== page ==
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A school for tomorrow's technologies

School of engineering in Physics, Applied Physics, Electronics & Materials

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The search for the ideal battery

Published on April 30, 2014
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April 30, 2014

Renaud Bouchet, professor at Grenoble INP – Phelma and researcher in the LEPMI (Laboratory of Electrochemistry, Physics and Chemistry of Materials and Interfaces), has just been granted the EDF Pulse Award in the Science category.

Renaud Bouchet image carrousel

Renaud Bouchet image carrousel

The work performed in collaboration with a team from the Radical Chemistry Institute of Marseilles (France) on solid electrolyte lithium batteries allowed Renaud Bouchet to win the race against leading international teams and be endowed a sum of EUR 150,000 to carry on his research work.

Grenoble INP researchers are definitely on the leading edge as regards lithium ion batteries! After Rachid Yazami, engineer and doctor of Grenoble INP, who was awarded the Draper Prize of the National Academy of Engineering (NAE) in January 2014 for his essential role in the development of the first rechargeable lithium ion batteries 30 years ago, it is now the turn of Renaud Bouchet, professor at Grenoble INP – Phelma and researcher in the LEPMI (Laboratory of Electrochemistry, Physics and Chemistry of Materials and Interfaces) to be rewarded in this field. Renaud Bouchet’s work paves the way for the development of a new generation of lithium ion batteries that will be able to store a large quantity of energy and allow electric vehicles to become widely used.

SIEL, the future battery

Lithium-ion batteries are used everywhere in our modern devices, but they have now reached their limits. In particular, they do not allow the automobile industry to make vehicles that would simultaneously offer high power, an operating range comparable to that of petrol engines, perfect safety and all this at a reasonable cost. Furthermore, since the “ideal battery” still does not exist, storage is the problem that limits the development of renewable energies.
Renaud Bouchet started his search for the “ideal battery” with the Copolibat project while he was still working in the Madirel Laboratory in Marseilles (France), then he continued in Grenoble with the Copolibat 2 project and then finally joined LEPMI in September 2012. The SIEL (Single-Ion Electrolyte) project is along the same lines as these projects supported by the French Agency for Research. It brings significant progress in the development of a new type of batteries and earned Renaud Bouchet to be selected by EDF to receive the EDF Pulse prize. Renaud Bouchet, who leads the SIEL project, explains: “The key idea of our work is to replace the liquid electrolyte in lithium batteries with a solid electrolyte. The electrolyte is the substance which simultaneously separates the two electrodes and allows the electric current to flow, and it would be much more stable - and therefore less dangerous - if it were in solid state rather than liquid state. Moreover, this would make it possible to reduce the cost of batteries while improving their energy density. But for that purpose, we needed to find the material that had the required characteristics.” Although all technological issues have not been solved yet, the aim of the SIEL project is to take up the challenge and produce industrial prototypes of batteries within the next couple of years.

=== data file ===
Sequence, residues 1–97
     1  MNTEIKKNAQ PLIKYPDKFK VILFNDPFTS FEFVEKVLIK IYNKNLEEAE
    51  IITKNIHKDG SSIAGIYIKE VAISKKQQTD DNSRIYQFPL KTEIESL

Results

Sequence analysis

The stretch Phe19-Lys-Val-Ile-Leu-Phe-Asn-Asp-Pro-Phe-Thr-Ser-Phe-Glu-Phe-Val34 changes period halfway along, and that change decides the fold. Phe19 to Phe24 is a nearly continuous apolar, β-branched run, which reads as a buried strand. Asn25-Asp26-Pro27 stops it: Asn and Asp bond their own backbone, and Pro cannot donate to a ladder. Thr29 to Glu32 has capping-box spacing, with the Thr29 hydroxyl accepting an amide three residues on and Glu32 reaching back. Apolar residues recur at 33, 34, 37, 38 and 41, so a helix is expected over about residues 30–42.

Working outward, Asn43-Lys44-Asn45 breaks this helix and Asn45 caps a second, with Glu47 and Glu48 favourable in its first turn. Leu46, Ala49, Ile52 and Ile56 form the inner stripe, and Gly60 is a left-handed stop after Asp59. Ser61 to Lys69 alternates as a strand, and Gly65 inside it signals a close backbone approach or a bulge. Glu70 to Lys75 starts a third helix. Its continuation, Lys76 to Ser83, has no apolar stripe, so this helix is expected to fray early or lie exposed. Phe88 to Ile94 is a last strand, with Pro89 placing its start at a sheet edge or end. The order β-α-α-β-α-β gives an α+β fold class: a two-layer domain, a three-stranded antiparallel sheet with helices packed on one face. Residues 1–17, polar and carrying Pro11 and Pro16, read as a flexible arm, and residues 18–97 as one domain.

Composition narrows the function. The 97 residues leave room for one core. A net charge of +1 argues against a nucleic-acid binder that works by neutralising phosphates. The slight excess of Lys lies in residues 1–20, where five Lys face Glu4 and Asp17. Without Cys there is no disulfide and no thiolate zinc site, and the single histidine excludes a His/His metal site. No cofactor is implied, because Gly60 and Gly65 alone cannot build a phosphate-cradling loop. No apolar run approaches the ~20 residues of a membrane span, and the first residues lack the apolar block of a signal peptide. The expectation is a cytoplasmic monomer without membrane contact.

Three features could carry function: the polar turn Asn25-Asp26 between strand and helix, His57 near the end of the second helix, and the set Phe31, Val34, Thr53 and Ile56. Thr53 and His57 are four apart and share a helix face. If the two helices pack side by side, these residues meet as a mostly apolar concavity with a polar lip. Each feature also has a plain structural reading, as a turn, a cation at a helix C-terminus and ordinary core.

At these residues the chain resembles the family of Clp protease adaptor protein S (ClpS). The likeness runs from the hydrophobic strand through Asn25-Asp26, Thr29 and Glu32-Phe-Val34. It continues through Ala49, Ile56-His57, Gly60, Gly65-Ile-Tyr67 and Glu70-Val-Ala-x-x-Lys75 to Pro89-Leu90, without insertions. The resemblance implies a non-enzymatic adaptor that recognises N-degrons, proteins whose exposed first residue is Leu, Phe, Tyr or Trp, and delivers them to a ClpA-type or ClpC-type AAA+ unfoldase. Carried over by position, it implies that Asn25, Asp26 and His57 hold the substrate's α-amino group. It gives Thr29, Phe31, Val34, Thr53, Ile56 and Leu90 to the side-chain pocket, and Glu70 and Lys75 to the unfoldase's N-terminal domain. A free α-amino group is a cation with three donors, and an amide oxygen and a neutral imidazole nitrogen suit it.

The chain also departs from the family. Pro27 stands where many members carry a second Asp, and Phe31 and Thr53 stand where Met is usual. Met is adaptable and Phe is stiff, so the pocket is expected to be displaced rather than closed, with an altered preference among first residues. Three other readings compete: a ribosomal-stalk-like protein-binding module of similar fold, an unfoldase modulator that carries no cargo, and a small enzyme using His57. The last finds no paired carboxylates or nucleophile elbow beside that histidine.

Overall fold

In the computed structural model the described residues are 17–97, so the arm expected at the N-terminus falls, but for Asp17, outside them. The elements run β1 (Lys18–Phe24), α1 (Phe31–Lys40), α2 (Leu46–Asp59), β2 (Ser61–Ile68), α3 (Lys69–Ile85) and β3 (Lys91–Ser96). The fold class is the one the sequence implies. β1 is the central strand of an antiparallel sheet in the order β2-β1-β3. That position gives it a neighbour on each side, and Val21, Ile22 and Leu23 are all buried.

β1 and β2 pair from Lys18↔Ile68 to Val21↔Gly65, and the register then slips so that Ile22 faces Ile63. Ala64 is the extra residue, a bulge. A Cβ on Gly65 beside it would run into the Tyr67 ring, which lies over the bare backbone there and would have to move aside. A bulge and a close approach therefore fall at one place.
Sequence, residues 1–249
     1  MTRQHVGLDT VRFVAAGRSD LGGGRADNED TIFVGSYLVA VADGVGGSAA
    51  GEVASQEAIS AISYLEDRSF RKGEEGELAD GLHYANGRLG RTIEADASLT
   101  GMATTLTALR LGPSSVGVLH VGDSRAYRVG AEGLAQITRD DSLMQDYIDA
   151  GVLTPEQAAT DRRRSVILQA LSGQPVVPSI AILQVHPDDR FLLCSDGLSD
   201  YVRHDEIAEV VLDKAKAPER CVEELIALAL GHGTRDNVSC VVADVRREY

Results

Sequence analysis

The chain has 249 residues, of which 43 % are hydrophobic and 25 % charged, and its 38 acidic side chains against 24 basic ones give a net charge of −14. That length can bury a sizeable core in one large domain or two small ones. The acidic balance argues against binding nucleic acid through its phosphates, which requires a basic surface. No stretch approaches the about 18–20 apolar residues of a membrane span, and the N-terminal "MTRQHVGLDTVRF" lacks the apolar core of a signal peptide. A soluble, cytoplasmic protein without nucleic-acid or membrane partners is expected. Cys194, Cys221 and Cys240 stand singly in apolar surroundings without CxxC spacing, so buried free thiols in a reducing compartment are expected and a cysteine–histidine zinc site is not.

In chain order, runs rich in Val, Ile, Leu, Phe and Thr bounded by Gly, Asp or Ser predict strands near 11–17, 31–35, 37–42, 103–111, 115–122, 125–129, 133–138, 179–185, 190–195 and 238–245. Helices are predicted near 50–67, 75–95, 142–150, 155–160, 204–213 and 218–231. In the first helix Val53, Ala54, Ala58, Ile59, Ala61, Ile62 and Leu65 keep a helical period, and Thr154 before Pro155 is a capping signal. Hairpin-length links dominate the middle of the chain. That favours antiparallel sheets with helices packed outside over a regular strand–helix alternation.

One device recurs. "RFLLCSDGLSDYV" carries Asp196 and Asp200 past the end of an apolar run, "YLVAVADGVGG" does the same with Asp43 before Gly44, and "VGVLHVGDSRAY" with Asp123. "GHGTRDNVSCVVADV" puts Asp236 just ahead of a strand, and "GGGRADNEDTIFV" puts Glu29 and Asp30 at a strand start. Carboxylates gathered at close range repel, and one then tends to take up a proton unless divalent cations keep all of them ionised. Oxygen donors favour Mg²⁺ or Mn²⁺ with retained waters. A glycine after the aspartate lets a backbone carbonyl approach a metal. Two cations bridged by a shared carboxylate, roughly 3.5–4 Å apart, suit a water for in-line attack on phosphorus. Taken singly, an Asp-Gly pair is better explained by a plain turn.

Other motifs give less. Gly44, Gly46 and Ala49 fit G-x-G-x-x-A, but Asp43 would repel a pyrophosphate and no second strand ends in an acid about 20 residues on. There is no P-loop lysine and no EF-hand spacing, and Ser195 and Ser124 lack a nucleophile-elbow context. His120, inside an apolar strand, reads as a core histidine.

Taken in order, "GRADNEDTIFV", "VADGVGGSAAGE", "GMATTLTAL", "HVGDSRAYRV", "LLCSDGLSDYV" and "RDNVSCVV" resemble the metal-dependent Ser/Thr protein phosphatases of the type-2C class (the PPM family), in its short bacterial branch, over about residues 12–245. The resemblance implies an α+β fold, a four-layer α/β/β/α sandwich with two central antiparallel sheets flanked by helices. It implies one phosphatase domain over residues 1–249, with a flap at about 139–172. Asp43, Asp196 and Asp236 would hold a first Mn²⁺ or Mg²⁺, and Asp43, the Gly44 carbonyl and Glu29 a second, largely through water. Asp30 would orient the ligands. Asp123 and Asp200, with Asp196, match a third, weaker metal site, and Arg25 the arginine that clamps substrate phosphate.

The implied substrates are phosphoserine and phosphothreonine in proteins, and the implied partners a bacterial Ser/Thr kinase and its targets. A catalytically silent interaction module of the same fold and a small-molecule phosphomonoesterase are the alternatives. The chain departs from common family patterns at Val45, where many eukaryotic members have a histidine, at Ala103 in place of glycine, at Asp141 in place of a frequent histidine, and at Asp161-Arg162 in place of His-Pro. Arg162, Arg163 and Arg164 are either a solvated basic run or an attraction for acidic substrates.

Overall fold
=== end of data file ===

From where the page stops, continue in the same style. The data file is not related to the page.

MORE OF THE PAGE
Fixing anions with block copolymers

The solution lied in cleverly designed “block copolymers”. Renaud Bouchet explains: “When two types of copolymers are bound in the same macromolecule by a covalent bond, the copolymer is called a ‘block polymer’. These usually immiscible polymers - or blocks - lead to a nanoscale phase separation organised on a long length scale which gives materials with properties that are a synergy of the characteristics of each block. We have designed copolymers in which one of the blocks is made of anions in equilibrium with the free and mobile Li+ ions of the other block. As a result, anion displacements likely to cause differences of concentration that will limit the battery power are avoided.” Fixation of anions on non-conductive blocks provides the whole material with very interesting physical properties in terms of stability, mechanical strength and conductivity.
In addition to these remarkable properties, the big advantage of these copolymers is that they can be produced using eco-compatible (i.e. without organic solvents) aqueous phase synthesis processes and can be kept at ambient atmosphere. They are formed with conventional plastic material processing methods such as extrusion, lamination, etc. As these materials are polymers, they can be produced in very thin flexible sheets that will be easy to integrate into a battery.

Metallic lithium, the holy grail of batteries

The creation of a lithium metal energy storage cell is another possibility introduced by this innovation. Renaud Bouchet explains: “Indeed, metallic lithium is the ultimate negative electrode for a battery. It allows a tenfold production of energy as compared with graphite. Unfortunately, when used in contact with a liquid electrolyte, metallic lithium leads to the formation of uneven metallic lithium deposits during the recharging process likely to cause short-circuits and even an explosion.” Solid polymer electrolytes would therefore be a perfect solution to avoid these safety issues and they would also allow the miniaturisation of systems and an increase in the energy density.
The first laboratory prototypes feature very good energy cycles. An industrial prototype should be delivered within the next couple of years. Definitely something worth keeping an eye on…

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Date of update February 23, 2015

Université Grenoble Alpes